In June, a long time ago in politics, Democrats in the Senate were briefly jubilant. For the first time in a generation, they held 60 seats, the supermajority required to control the body's proceedings. The road to enacting President Barack Obama's center-left agenda looked, for a moment, almost smooth.
But that's not the way the Senate works. It's an assembly of 100 independent egos, not a parliament of two disciplined parties. The word control doesn't apply.
Last week, as Majority Leader Harry Reid struggled to corral 60 votes to move a health care bill forward, the jubilation of summer gave way to desperation on cold winter nights - with occasional flashes of recrimination.
Everybody gets to be the 60th senator, observed Sen. John D. Rockefeller IV, D-W.Va., a liberal champion of health care reform. What he meant was that when any one senator can threaten to stop a bill, many senators will be tempted to try - if only to see what they can get in return for their support.
Last week, three senators each held the role of No. 60 in turn - and each held the fate of Obama's health care proposals in his (or her) hand.
First was Joe Lieberman of Connecticut, who lost his party's primary election in 2006, won re-election as an independent, campaigned against Obama in 2008 - but still claims a seat in the Democratic majority.
Lieberman won several days in the spotlight for announcing that he would vote against any bill that included either of two measures favored by liberals: a government-run health insurance plan (known as the public option) or a plan to offer Medicare to people younger than 65 (known as Medicare buy-in).
In an instant, both ideas were vaporized. Liberals outside the Senate excoriated Lieberman as a traitor and a hypocrite, noting that he once advocated allowing people older than 55 to buy in to Medicare.
But inside the Senate, Lieberman's colleagues were not as harsh - at least, not on the record; you never know when you're going to need a 60th vote.
In fact, Lieberman may have done his colleagues a favor. Several centrist Democrats weren't happy about the public option or Medicare buy-in either. Neither proposal was likely to attract 60 votes, even if Lieberman had stayed in the fold.
In effect, Lieberman volunteered for the role of scapegoat (intentionally or not), taking the blame for shooting down liberal ideas that were already doomed. At any rate, by the end of the week, he was promising to help Reid move a rejiggered bill forward.
The second holdout was Ben Nelson of Nebraska, a taciturn former insurance executive from a solidly conservative state. (Republican presidential nominee John McCain won Nebraska with 57 percent of the vote last year.) Nelson votes with Republicans more often than any other Democrat (even Lieberman), and he warned colleagues long ago that he would insist on tough provisions barring any federally funded insurance policies from covering abortions before a health care bill could win his vote.
Reid deputized Bob Casey of Pennsylvania, another anti-abortion Democrat, to work out a compromise - essentially to allow women in those plans to pay for abortion coverage with their own funds - but Nelson warned that he would be a tough sell. The Nebraskan said he would submit any abortion proposal to his constituency groups - anti-abortion organizations that are opposed to any form of compromise.
And even if he got his way on abortion, Nelson warned, he wasn't sure he would vote to move the bill forward - leaving Reid still uncertain where he would find his 60th vote.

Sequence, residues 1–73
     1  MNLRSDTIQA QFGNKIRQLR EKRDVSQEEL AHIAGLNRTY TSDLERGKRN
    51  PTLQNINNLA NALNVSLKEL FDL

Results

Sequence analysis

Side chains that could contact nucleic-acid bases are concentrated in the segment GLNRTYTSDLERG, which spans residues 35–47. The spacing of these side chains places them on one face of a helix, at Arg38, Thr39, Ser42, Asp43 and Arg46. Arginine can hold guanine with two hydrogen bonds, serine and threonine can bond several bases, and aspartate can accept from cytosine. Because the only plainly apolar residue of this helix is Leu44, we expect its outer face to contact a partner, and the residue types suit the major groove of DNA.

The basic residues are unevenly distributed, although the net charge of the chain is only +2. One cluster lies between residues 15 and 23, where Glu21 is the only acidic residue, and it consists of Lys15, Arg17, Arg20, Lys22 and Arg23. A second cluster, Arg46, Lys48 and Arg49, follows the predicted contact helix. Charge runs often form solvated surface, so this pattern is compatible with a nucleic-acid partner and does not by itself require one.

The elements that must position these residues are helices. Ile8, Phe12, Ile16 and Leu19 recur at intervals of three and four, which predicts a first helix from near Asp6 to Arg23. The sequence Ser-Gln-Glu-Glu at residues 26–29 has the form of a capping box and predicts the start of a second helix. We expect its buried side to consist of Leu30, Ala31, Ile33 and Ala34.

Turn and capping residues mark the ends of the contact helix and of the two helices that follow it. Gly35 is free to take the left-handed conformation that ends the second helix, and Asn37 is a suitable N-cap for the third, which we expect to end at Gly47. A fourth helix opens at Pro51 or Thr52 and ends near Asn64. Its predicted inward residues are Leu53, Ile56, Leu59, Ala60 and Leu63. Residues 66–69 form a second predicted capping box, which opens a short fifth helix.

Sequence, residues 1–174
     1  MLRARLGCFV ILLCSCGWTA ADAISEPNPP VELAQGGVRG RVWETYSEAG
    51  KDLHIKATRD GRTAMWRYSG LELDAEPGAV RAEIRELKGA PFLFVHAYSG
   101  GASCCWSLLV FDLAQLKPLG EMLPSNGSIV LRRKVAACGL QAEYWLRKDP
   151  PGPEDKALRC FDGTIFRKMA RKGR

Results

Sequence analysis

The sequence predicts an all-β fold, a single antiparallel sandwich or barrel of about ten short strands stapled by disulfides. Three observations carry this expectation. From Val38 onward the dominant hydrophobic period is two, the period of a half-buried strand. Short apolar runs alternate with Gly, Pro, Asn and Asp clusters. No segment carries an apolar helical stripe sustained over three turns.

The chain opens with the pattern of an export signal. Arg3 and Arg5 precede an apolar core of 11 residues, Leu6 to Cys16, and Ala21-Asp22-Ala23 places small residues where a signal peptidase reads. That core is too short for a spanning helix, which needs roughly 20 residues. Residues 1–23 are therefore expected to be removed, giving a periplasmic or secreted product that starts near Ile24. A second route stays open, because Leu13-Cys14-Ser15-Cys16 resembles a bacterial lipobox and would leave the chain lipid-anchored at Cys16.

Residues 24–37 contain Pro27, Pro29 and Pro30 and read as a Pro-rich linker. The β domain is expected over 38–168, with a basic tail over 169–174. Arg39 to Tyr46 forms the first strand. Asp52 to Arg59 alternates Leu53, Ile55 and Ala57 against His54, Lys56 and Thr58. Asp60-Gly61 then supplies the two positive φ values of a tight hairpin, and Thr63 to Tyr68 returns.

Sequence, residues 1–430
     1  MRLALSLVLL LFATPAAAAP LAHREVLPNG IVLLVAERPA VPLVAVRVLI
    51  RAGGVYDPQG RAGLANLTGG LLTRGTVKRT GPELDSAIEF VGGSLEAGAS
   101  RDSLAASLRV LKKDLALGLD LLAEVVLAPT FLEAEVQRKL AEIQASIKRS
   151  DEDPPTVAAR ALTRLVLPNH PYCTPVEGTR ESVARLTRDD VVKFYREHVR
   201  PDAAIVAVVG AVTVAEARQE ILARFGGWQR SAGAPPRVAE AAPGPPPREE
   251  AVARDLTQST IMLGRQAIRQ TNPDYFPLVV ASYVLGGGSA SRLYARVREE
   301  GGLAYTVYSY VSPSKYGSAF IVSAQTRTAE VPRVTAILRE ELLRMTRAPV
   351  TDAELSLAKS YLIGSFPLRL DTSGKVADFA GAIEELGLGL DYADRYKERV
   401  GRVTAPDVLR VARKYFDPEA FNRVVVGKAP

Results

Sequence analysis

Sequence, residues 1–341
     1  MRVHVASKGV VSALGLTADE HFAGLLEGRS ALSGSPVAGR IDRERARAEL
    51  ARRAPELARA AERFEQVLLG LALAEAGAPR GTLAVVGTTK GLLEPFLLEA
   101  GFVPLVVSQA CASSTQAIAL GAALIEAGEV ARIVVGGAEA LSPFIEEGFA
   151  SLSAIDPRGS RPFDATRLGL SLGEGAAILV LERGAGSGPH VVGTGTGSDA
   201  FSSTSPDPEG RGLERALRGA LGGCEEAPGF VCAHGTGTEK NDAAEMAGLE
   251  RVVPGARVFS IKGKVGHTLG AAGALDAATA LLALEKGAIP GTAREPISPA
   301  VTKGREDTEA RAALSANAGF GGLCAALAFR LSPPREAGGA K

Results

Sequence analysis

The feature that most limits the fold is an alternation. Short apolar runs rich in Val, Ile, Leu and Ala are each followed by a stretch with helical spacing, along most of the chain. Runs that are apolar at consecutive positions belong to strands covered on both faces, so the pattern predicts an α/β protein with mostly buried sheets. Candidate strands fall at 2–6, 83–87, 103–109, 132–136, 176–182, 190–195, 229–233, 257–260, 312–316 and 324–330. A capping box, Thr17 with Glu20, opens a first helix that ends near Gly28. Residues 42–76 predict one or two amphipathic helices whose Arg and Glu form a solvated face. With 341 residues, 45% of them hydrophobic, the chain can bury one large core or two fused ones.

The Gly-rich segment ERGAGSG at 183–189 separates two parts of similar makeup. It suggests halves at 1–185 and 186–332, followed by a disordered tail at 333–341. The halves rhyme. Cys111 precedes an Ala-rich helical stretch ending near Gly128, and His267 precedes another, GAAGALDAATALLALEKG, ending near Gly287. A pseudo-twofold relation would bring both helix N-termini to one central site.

Which revived the name of the third 60th senator, a moderate Republican, Olympia J. Snowe of Maine. Snowe has worked for months on health care legislation, says she wants to pass something and broke with her party to vote in favor of a bill drafted by the Senate Finance Committee. Obama and his aides have lavished private attention on her, knowing that her single vote would give them the right to anoint the result as bipartisan.
But Snowe has a flaw: She's serious about the substance of health care. All week long, as Reid struggled to find a way to amass 60 votes among Democrats, he kept his version of the bill under wraps, to maximize his negotiating room. Snowe said she might be willing to vote for a bill - but she would have to see it first, and let it be analyzed, and think about it awhile. That meant: not before Christmas.
So Friday, Reid went back to Nelson, who finally said yes - as long as states were given the right to prohibit plans from covering abortion and as long as Nebraska got a special deal on the cost of expanding Medicaid coverage to the poor.
Meanwhile, the rest of the Republican caucus, which took a walk from the Democrats' bill last summer, had a much easier task: obstruction and delay.
They handled their role expertly, demanding that the Senate clerk read the full text of a 700-page amendment aloud, threatening to torpedo a defense funding bill that they actually favor and generally making Democrats miserable.
As a result, Reid's optimistic timetable had the Senate passing the bill at 7 p.m. on Christmas Eve.
Several Democrats, meanwhile, including Rockefeller and, yes, Lieberman, have proposed expanding programs that would test new models for health care delivery and payment - alternatives to the costly and inefficient fee for service model that pays doctors for individual medical procedures instead of patients' overall health care.
That's one reason Rockefeller, a thoroughgoing liberal, favors passing whatever bill can attract 60 votes; he sees this year's legislation - which already has become next year's legislation - as the beginning of a longer process.
You never get everything that you want, he said. You try to keep improving the bill, and you do it next year or the year after.
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